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While both Tom Hanks and Julia Roberts are indeed fine actors and their new film, CHARLIE WILSON'S WAR no doubt stands well on it's own as a fine dark political comedy, the film still continues to stir the dangerous pot of Cold Warism at just the wrong time between the U.S. and Russia as relations continue to worsen between the two main nuclear rivals.

CHARLIE WILSON'S WAR celebrates the efforts of East Texas Democratic Congressman Charlie Wilson who with the aid of a wealthy supporter helped to promote the massive CIA covert war to back the Mujahideen fighters who opposed the 1979 invasion of Afghanistan by the Soviet Union. President Ronald Reagan later fully jumped onboard this proxy Cold War effort against the old Soviet Union by backing efforts from Pakistan and Saudi Arabia that used Osama Bin Laden and other Muslim fundamentalist radicals to establish terrorist training camps all through remote areas of Aghanistan and Pakistan to fight the Russians, and unfortunately many of these terrorist training camps still exist today. America's 1980's proxy Cold War against the Soviets only helped to cement a permanent Al Qaeda and Taliban extremist presense throughout some parts of Afghanistan and Pakistan and only helped to fuel both 9/11 and the current problems with fundamentalist terrorism today.

At the close of WWII, when tensions between the U.S. and their Soviet allies began over the city of Berlin, a series of future Cold War, proxy war standoffs began to take place. This included the Korean Civil War, the Vietnamese Civil War, some political conflicts in Africa, and finally in Afghanistan. Instead of the friendship of the U.S. and the Soviet Union of WWII working to cement better future relationships and to moderate Stalinist Soviet Communism, both the United States and the Soviet Union only seemed to dig in their ideological heels all that much stronger and used a series of proxy wars to further their political empires. However all of this was also an oversimplification of each local proxy conflict and only proved to worsen the relations between both the U.S. and the Soviet Union because of each conflict. Every proxy conflict had it's own local civil war characteristics that the superpower involvement seemed to ignore that impacted the local people involved at the center of each conflict. For example, the people of Vietnam viewed their civil war in terms of self-determination while the U.S. and the Soviet Union viewed the conflict through a prism of expansion of their political power throughout the world.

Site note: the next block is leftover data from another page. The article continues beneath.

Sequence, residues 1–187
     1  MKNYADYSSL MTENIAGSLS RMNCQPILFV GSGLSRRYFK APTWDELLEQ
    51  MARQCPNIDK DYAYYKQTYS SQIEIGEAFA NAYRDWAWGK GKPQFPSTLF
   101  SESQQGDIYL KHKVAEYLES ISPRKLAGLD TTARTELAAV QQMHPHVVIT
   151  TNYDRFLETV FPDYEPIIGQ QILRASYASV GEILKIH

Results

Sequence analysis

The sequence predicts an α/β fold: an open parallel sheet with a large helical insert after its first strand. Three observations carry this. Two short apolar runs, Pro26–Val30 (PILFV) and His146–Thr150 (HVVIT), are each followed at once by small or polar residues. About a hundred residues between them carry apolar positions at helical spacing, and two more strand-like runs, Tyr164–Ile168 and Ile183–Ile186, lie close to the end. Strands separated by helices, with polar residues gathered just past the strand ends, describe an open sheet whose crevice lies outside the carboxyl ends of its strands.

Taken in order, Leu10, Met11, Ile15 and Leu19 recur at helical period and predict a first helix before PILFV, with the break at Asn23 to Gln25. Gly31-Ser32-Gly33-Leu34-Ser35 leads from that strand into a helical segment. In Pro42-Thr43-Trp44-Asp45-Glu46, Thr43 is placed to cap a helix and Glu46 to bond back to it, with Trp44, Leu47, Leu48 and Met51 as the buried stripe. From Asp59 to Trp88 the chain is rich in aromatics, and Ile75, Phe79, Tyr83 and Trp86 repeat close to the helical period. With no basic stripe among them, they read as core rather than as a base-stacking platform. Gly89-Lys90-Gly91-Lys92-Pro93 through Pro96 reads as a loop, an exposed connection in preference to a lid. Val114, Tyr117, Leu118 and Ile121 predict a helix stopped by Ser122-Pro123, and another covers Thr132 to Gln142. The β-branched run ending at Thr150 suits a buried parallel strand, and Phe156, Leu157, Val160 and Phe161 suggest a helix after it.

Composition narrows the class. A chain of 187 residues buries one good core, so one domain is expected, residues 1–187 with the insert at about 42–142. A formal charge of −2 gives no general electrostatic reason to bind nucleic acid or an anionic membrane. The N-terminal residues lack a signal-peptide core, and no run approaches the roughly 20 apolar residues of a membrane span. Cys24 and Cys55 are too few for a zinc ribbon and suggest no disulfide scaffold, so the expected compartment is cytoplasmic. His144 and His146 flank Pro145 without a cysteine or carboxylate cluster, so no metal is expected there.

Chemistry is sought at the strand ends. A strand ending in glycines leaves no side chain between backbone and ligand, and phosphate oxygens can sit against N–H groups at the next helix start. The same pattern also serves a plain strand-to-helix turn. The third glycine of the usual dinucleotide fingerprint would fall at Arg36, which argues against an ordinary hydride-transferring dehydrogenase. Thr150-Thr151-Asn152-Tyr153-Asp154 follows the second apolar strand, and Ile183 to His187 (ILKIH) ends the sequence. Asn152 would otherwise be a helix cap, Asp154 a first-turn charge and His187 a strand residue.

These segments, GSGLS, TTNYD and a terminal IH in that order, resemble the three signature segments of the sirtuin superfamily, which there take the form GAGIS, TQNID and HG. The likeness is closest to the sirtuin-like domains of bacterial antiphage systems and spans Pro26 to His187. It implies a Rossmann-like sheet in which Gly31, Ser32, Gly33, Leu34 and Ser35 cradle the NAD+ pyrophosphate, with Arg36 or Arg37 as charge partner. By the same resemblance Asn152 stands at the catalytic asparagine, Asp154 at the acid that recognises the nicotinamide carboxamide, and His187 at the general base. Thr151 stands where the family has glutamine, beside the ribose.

Afghanistan presented a whole new set problems. The country was virtually a stone-age state, of the most primitive of Muslim fundamentalist culture and a huge danger as far as transporting illegal drugs throughout the world including into the Soviet Union. The Soviet Union did have some concerns about such an unstable state sitting right on their border as becomng a breeding ground for many serious problems. And any state like the Soviet Union would eventually be forced to pay heavy costs to modernize a state like Afghanistan by providing massive foreign aid by building schools, hospitals and other infrastructure in this primitive state to build a more modern state. The Soviets would also create a far more secular state, while the U.S. proxy war only helped to a create a base for the most dangerous and primitive elements of Muslim fundamentalism.

CHARLIE WILSON'S WAR only seems to celebrate the wrong and revisionist notion that the American proxy war in Afghanistan helped to bankrupt the old Soviet Union and create the downfall of that already doomed political system. All of this ignores the current terrorism problem that the U.S. helped to create in Afghanistan that haunts the U.S. today. And the truth is that each proxy war by the U.S. and Russians only helped to cement seemingly permanent Cold War tensions that still exist today with little improvement despite the downfall of the old Soviet Union.

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Rating: 4.3/5 (6 votes cast)

Comments (1)

I intend to see this when it hits DVD. Frankly, I can't go to the movies anymore because people are so unspeakably rude - constant talking during the feature, cell phones ringing, etc. - that it prevents me from getting the benefit of the big screen.

I will only see it because of Hanks' involvement. He rarely turns out a bad movie. BUT I will look at it as "historical fiction," which it surely is.


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Publisher: Kevin Aylward

Editors: Lee Ward, Larkin, Paul S Hooson, and Steve Crickmore

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